NEW YORK (Reuters) - Fox News on Saturday suspended host Eric Bolling following a media report that he sent sexually inappropriate text messages to colleagues, marking the third high-profile harassment case to rock the conservative, highly rated cable news outlet.
Bolling's lawyer called the claims "untrue and terribly unfair."
"Eric Bolling has been suspended pending the results of an investigation, which is currently underway," Fox News, part of Twenty-First Century Fox Inc, said in a statement. A report on the Fox News website referred only to "allegations of inappropriate behavior."
Fox News parted ways with star host Bill O'Reilly in April following allegations of sexual harassment, and former Fox News Chairman Roger Ailes was forced to resign last year after being accused of sexual misconduct by a number of women, including former anchor Gretchen Carlson. Both men denied wrongdoing.
- PHOTOS: A look back at Queen performing in the 1970s and 1980s 22 Pictures
- All of these celebrities have had their nudes leaked 35 Pictures
As co-host of the Fox News show "The Specialists," Bolling is part of a panel discussing the top stories of the day. He also hosts "Cashin' In," a business show.
The Huffington Post, citing 14 sources who requested anonymity, reported on Friday that several years ago, Bolling sent unsolicited photos of male genitalia by text message to at least two colleagues at Fox Business and another one at Fox News. The messages were sent on several occasions, the Huffington Post said.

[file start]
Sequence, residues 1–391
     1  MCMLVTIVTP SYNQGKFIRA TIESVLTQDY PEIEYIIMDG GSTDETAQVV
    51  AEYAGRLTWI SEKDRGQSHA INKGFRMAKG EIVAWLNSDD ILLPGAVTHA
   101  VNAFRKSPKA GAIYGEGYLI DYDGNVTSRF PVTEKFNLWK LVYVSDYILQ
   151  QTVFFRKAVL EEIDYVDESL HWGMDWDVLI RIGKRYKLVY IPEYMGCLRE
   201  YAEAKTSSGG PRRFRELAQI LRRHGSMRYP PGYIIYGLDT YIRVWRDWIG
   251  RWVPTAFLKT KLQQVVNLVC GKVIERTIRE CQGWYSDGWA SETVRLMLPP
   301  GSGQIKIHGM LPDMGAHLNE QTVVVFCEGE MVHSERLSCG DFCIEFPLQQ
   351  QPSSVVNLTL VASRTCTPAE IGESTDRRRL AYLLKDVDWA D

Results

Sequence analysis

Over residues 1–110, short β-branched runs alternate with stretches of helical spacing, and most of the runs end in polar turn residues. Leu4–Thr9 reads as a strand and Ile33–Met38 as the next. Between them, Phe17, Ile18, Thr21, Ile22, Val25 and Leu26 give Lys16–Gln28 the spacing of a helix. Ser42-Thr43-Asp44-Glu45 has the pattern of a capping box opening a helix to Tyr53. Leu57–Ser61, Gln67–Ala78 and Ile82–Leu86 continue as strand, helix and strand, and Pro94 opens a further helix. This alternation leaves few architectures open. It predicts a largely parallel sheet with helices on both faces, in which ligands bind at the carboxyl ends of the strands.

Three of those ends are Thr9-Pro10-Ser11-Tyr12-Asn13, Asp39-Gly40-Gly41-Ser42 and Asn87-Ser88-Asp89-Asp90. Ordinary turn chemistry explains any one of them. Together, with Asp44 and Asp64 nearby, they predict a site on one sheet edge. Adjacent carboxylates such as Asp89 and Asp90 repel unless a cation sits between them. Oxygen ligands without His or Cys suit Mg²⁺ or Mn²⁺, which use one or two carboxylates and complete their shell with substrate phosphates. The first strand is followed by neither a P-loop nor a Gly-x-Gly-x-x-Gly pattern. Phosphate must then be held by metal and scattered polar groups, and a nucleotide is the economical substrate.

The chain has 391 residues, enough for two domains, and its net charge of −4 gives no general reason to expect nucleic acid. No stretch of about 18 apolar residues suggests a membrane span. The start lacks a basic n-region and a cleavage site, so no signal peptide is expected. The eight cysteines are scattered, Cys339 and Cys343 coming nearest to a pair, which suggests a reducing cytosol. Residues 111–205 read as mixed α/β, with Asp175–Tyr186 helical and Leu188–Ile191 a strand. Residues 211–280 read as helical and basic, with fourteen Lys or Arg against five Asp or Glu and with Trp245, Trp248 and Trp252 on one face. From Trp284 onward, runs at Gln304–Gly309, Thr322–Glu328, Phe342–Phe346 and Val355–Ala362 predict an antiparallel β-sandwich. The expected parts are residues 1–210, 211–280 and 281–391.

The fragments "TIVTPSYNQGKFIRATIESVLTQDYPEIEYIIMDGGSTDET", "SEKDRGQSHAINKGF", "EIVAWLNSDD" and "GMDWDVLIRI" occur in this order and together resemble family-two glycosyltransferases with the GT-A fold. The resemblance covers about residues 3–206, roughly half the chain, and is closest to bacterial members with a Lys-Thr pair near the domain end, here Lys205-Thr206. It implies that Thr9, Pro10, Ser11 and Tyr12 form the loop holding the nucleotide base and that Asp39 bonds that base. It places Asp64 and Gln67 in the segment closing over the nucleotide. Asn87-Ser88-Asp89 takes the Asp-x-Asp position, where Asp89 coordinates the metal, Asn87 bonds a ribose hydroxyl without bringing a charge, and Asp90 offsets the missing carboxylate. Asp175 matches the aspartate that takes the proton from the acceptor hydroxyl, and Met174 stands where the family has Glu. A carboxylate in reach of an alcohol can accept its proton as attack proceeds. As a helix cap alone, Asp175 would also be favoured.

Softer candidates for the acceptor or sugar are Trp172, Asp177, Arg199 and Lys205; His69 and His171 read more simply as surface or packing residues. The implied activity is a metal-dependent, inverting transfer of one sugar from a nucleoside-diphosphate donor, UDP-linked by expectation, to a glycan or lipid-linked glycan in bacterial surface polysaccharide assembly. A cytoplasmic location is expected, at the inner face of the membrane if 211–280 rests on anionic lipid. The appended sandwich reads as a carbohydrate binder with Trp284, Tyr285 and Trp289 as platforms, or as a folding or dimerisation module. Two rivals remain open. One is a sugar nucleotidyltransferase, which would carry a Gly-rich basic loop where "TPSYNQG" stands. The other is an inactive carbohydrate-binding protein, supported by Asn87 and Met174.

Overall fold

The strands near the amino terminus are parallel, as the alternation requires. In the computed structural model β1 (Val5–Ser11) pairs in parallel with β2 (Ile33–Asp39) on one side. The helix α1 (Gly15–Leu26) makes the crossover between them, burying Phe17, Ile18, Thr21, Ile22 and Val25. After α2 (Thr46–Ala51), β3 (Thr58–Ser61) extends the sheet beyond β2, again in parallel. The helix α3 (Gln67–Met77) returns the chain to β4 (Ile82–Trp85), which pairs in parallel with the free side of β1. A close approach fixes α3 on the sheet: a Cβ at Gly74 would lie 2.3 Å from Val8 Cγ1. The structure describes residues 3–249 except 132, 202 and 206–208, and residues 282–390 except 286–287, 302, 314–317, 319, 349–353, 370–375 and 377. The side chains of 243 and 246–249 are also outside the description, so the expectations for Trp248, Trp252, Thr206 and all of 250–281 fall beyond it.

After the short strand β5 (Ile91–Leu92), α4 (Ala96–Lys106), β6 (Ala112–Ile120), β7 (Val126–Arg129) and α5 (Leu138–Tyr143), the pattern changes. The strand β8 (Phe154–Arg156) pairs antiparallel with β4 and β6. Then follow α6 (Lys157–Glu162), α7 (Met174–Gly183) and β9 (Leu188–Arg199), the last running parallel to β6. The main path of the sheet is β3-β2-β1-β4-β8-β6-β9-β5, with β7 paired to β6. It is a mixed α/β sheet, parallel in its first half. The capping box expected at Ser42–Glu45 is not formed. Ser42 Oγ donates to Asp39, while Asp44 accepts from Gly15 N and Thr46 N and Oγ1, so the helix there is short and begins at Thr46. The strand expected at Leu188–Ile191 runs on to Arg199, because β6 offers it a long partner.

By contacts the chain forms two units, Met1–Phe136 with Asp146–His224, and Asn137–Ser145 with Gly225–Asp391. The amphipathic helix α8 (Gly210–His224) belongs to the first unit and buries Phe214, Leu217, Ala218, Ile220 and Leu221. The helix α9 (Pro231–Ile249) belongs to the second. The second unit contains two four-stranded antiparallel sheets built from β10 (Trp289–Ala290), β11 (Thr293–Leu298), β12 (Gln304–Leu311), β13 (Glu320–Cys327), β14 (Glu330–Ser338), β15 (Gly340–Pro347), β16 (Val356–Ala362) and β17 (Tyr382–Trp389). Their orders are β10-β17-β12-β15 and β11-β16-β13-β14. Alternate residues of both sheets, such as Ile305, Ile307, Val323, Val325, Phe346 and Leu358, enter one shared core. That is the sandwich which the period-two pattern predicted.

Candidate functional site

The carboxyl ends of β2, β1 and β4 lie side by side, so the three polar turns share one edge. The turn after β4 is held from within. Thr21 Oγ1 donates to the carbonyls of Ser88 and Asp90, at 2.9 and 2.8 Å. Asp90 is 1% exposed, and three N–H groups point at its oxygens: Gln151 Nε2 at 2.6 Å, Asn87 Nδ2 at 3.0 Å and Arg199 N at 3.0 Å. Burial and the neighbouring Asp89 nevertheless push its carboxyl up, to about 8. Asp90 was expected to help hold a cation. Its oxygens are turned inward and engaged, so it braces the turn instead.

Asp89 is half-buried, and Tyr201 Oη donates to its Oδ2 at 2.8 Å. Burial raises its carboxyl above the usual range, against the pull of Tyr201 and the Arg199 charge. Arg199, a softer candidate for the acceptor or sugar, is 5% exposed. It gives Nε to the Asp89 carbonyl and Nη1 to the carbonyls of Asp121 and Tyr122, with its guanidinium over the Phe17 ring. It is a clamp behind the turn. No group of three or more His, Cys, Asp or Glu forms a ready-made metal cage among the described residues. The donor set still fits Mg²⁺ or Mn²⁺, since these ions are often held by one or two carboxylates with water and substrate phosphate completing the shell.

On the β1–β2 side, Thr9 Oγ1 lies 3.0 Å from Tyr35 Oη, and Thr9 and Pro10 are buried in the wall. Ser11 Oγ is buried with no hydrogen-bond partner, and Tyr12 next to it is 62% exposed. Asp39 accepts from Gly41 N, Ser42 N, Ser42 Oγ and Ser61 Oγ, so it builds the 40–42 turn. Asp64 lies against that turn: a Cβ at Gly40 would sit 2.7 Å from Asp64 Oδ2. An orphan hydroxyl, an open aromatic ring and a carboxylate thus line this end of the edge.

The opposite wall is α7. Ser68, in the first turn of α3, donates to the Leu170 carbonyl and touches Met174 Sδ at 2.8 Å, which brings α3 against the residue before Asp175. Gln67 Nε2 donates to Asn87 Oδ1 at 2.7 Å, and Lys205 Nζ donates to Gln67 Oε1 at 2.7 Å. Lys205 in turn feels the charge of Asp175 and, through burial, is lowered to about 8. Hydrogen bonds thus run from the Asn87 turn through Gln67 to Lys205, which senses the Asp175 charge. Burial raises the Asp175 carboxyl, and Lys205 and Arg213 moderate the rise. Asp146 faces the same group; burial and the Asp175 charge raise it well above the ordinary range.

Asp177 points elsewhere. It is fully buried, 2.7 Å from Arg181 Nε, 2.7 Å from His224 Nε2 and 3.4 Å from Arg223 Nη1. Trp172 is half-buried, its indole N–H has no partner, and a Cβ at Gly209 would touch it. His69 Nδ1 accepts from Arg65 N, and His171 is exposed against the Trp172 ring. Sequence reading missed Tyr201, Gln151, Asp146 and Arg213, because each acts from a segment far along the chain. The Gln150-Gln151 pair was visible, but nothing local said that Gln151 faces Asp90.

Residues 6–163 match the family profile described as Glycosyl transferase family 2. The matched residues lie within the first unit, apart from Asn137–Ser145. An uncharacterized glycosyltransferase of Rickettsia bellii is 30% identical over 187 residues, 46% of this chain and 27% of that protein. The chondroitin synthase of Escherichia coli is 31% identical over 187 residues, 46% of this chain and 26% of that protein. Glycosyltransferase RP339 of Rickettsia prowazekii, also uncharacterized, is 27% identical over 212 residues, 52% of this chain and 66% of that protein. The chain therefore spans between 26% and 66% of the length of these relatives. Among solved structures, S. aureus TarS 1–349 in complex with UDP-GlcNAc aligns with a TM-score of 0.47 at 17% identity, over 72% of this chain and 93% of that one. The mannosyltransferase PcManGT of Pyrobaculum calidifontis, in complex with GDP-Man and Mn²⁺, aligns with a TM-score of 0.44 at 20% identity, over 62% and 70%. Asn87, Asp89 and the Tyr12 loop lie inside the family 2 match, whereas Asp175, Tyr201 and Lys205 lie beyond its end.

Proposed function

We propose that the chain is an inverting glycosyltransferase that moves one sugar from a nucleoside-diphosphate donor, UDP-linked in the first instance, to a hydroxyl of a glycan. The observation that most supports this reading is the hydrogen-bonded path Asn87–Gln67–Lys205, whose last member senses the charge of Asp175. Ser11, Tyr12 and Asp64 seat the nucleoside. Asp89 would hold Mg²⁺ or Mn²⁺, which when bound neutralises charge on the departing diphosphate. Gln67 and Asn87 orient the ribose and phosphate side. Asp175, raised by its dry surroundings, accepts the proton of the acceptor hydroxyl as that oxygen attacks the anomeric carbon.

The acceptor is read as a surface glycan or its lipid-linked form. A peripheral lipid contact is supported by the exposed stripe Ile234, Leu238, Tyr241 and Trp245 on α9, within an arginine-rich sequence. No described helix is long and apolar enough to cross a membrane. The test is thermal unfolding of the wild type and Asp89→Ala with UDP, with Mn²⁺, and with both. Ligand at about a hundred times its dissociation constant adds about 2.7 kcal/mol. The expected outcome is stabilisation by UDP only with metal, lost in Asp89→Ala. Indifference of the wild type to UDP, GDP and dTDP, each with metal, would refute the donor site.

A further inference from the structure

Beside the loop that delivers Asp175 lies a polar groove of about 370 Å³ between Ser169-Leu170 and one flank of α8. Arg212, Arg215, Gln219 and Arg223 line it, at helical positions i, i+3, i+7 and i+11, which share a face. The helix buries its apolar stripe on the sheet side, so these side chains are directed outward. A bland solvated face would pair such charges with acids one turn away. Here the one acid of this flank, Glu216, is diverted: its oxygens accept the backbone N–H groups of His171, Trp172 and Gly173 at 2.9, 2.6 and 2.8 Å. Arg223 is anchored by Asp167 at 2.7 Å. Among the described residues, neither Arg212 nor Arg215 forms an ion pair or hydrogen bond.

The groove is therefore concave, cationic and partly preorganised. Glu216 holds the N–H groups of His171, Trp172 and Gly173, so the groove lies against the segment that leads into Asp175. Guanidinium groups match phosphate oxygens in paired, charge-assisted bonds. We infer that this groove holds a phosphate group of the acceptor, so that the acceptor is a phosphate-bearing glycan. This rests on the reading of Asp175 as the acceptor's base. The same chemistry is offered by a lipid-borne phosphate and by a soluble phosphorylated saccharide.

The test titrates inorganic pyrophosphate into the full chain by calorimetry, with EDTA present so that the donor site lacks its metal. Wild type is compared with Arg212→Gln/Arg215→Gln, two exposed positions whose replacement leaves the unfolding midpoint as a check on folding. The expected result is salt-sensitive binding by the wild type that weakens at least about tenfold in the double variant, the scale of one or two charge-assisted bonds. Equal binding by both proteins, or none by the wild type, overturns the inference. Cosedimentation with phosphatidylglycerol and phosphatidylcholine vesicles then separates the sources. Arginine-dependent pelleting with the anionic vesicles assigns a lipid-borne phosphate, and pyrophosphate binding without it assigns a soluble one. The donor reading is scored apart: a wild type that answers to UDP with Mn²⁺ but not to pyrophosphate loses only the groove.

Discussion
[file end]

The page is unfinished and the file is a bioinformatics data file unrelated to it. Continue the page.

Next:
Bolling's attorney, Michael Bowe, said in an email to Reuters that "the anonymous, uncorroborated claims are untrue and terribly unfair. We intend to fully cooperate with the investigation so that it can be concluded and Eric can return to work as quickly as possible."
Previously, Bowe said in a statement to the Huffington Post that Bolling did not recall sending any inappropriate messages and would "vigorously pursue his legal remedies" to combat any false or defamatory accusations.
Fox News, with a conservative bent associated with Republican Party politics, has led most ratings for U.S. cable news for years but has been unsettled by reports that it has been a hostile workplace for women.
Ailes was credited with building Fox News into a politically influential channel. Fox News parted ways with O'Reilly, the face of the channel, after advertisers began to flee his show.
Rupert Murdoch, executive chairman of Twenty-First Century Fox, wrote at the time that the company was committed to "fostering a work environment built on the values of trust and respect."
(Reporting by Daniel Trotta; Editing by David Gregorio and Mary Milliken)